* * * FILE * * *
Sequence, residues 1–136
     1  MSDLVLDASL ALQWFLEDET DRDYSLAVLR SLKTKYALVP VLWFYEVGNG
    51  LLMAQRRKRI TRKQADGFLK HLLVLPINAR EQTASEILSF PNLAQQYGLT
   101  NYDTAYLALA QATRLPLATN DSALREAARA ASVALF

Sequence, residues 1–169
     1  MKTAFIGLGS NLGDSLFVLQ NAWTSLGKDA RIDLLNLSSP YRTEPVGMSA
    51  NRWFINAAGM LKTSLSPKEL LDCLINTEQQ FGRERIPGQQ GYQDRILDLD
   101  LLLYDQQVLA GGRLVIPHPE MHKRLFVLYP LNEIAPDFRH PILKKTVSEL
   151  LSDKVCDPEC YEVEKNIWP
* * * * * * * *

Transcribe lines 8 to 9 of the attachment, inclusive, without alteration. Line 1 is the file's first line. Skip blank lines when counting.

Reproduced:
   101  LLLYDQQVLA GGRLVIPHPE MHKRLFVLYP LNEIAPDFRH PILKKTVSEL
   151  LSDKVCDPEC YEVEKNIWP